Monday, August 15, 2011

The Art of ZenTravel

There is a quiet mob fomenting at the Southwest Airlines terminal. Zone A passengers are lined up by their designated poles, shuffling bags and secretly scoping out one another’s boarding passes to make sure no one is trying to sneak into a lower number section within the Zone, and therefore getting on the plane sooner, and therefore getting a seat. Meanwhile, Zone B through D passengers hover nervously, ready to sprint to the gate at the slightest flick of the attendant’s microphone.

As if flying weren’t nerve-wracking enough, Southwest Airlines has brilliantly decided to herd customers onto their planes cattle-style, first come first serve. This adds a palpable panic to the air. Will the newlyweds be able to sit next to each other on their connecting flight to Turks and Caicos? Will granny get her aisle seat? Southwest makes us sweat.

Finally on the plane, baggage stowed, seatbelt clicked, awkward/polite nods to seat neighbors completed, I can try to meditate.

Plane rides are the perfect opportunities to meditate because the practice involves sitting straight and still. This is often the biggest obstacle for me at home, where I have so many other options, like a couch, or a Facebook account, for instance. But on a plane I’m already strapped in to a prime meditation posture (seat upright and in the locked position).

Reason #2 air travel is also great for meditation: even though I love traveling and plan to scope out every inch of this fabulous, insane planet of ours, I get a bit shaky at takeoff. What can I say, I’ve been scarred by Final Destination. (The first FD…you know that horrible first plane crash scene I’m talking about--shit scared me so that for years I had to check every tray table as soon as I sat down. I nearly ran off a plane once when my tray table latch was painted red instead of the ubiquitous beige.)


As the metal phallic object I’ve entrusted my little life to is hurling down the tarmac, I get suddenly Catholic. I get suddenly any religion, whichever one will have me at 5,000 feet and climbing. I use The Secret. Happy thoughts: I survive this flight, I envision myself landing, I see my bags chug down the baggage claim carousel, of course they haven’t lost my bags, and so forth. I try to focus on my breath. I deeply inhale the stale recirculated air. A man three rows behind me sneezes violently. Some kid screams. I exhale. Positive, happy, healthy thoughts!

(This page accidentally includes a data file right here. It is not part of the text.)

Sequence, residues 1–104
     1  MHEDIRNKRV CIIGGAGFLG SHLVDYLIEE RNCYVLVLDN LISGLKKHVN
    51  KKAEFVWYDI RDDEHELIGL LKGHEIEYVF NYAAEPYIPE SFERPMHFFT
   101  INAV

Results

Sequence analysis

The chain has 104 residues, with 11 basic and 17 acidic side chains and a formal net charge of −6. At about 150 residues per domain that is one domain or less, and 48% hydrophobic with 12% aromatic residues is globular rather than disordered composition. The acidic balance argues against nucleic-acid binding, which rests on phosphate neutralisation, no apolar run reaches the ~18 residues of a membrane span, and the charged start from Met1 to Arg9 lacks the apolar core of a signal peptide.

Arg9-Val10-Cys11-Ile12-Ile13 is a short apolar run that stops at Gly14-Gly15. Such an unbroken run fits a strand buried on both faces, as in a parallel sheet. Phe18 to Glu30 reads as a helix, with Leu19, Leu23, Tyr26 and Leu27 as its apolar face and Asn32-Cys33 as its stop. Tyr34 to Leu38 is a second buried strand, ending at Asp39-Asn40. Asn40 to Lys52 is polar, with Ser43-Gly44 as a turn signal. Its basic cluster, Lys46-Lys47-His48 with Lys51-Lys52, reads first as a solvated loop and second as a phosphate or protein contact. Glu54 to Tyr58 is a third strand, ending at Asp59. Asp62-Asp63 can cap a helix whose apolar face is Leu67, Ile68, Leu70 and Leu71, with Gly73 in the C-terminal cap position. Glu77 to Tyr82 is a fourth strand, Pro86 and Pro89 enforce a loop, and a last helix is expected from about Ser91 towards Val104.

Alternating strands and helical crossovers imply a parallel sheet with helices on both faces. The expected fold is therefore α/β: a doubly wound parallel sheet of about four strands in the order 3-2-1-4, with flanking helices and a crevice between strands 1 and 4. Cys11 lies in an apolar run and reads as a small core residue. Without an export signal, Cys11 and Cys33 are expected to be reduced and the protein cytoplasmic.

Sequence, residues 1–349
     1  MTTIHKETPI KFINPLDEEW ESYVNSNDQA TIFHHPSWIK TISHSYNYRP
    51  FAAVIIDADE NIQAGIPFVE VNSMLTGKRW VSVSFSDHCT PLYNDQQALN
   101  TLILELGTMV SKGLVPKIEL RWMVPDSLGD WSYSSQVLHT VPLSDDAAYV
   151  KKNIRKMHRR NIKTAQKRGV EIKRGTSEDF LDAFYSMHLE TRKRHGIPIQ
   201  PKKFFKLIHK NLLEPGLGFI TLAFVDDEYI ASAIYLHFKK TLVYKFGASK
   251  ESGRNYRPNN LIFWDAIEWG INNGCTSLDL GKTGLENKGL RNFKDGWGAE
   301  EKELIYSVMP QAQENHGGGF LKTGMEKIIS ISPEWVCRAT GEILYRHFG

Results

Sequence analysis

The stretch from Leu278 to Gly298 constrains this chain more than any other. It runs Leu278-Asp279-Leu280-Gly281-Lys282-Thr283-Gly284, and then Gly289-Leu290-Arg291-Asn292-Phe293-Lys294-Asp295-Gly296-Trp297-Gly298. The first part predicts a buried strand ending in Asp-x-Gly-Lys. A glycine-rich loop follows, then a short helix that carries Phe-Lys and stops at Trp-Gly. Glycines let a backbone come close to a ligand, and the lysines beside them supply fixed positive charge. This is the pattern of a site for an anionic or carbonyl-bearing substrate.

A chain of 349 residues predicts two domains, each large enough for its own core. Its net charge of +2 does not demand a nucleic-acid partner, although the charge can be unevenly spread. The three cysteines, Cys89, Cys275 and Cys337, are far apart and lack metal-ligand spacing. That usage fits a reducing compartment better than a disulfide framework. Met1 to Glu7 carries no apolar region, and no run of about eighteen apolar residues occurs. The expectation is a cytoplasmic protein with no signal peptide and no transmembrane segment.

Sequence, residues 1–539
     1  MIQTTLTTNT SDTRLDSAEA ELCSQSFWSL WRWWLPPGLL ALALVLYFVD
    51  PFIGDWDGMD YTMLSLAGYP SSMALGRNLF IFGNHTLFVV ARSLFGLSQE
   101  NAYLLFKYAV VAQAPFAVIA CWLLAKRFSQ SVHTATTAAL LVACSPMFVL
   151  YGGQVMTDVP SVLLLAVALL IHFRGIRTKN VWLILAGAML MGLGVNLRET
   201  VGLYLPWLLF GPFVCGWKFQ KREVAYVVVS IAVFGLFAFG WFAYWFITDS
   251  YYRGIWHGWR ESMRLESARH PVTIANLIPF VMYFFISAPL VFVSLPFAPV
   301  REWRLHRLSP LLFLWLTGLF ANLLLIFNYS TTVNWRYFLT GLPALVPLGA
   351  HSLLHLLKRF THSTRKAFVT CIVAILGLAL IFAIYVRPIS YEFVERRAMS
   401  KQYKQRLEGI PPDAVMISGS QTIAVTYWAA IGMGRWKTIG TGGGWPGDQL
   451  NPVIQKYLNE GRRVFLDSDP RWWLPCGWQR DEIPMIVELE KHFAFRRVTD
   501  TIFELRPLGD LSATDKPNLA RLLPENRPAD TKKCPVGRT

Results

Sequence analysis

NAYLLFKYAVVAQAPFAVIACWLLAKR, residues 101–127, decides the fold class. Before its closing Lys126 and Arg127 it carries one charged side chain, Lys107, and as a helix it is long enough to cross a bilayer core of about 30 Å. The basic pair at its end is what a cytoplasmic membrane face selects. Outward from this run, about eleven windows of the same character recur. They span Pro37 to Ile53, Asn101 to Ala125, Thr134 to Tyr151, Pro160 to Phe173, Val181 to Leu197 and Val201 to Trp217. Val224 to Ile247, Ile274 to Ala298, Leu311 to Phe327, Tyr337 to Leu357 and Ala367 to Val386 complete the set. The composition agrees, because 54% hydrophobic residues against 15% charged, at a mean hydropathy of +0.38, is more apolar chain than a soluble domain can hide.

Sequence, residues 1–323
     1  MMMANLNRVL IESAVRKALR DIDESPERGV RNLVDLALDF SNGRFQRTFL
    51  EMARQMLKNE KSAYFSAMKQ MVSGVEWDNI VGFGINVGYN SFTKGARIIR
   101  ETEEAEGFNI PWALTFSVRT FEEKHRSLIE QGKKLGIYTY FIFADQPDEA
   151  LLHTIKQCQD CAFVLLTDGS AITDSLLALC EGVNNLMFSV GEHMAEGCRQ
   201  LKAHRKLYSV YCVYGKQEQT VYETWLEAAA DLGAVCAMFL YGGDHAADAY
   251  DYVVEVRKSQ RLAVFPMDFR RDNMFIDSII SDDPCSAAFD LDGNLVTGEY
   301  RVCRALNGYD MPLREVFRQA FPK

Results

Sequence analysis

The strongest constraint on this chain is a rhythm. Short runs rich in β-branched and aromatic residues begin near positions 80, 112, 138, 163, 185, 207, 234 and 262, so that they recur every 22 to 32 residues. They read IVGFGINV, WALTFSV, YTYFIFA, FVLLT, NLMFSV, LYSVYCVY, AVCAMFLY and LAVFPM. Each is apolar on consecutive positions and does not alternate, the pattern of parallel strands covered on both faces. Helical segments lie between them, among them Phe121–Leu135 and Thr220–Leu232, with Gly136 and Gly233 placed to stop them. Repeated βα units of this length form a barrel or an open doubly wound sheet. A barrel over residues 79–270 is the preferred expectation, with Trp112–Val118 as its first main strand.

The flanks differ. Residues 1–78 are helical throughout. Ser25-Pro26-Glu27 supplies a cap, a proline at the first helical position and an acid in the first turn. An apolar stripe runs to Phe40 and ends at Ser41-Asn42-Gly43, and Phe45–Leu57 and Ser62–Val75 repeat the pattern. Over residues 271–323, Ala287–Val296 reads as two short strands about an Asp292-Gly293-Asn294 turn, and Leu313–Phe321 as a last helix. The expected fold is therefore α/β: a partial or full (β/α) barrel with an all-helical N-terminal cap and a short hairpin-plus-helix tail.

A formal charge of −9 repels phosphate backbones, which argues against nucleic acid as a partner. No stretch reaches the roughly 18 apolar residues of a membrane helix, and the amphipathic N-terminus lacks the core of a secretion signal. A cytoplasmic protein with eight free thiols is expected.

Then the sensation of liftoff: the scoop in my stomach, the centrifugal force, the rush of engine, the lack of control I have over everything happening. It’s frightening and strangely exhilarating. God I hope the pilot isn’t drunk.

Rolf Gates calls yoga “a refuge from our need to control.” It makes sense: we try to arrange our lives in neat, perfect angles. Get the decent job, buy the nice car, the comfortable home, maintain circle of witty and attractive friends, whatever. But things don’t always go our way, and many of us haven’t learned how to cope with that very well. I haven’t anyway (if you have, I’d sure love to know your techniques). Even in yoga and meditation, we try to control the experience. I need a nice, quiet space to sink into a blissful, super-zennified mood.


This is clearly not flight 287 to Phoenix.

But one of my meditation instructors also says that the conditions to meditate will never be perfect. In fact, it’s better to be still in the midst of the chaos rather than when I’m already calm, when the sage incense is already burning. If I can find an iota of stillness on this flight, then maybe I can find stillness at home, too.

At cruising altitude, a little boy behind me looks out the window.

“How cool, I can’t believe I wasn’t looking before,” he says to his mom.

I look out, too. It’s weird and beautiful, the earth carved up and spliced into life. I sit and watch. The plane slips through a patch of clouds like an anhinga through water, white flashes against my small oval window. There it is; the moment. Just breathing, being right now on flight 287 to Phoenix. Until the turbulence. Then I force some deep breaths and pray to every deity I can remember.